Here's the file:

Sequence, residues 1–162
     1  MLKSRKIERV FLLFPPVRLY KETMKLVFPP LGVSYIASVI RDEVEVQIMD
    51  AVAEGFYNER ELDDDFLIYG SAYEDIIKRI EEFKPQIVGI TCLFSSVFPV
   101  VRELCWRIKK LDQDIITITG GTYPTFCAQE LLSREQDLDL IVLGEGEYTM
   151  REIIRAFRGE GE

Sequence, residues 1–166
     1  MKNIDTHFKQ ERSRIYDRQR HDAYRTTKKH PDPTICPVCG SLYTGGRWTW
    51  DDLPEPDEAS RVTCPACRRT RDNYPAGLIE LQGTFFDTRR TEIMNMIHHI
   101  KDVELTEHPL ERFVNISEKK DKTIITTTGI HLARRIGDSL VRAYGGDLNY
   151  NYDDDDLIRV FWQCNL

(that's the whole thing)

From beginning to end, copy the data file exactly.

Sequence, residues 1–162
     1  MLKSRKIERV FLLFPPVRLY KETMKLVFPP LGVSYIASVI RDEVEVQIMD
    51  AVAEGFYNER ELDDDFLIYG SAYEDIIKRI EEFKPQIVGI TCLFSSVFPV
   101  VRELCWRIKK LDQDIITITG GTYPTFCAQE LLSREQDLDL IVLGEGEYTM
   151  REIIRAFRGE GE

Sequence, residues 1–166
     1  MKNIDTHFKQ ERSRIYDRQR HDAYRTTKKH PDPTICPVCG SLYTGGRWTW
    51  DDLPEPDEAS RVTCPACRRT RDNYPAGLIE LQGTFFDTRR TEIMNMIHHI
   101  KDVELTEHPL ERFVNISEKK DKTIITTTGI HLARRIGDSL VRAYGGDLNY
   151  NYDDDDLIRV FWQCNL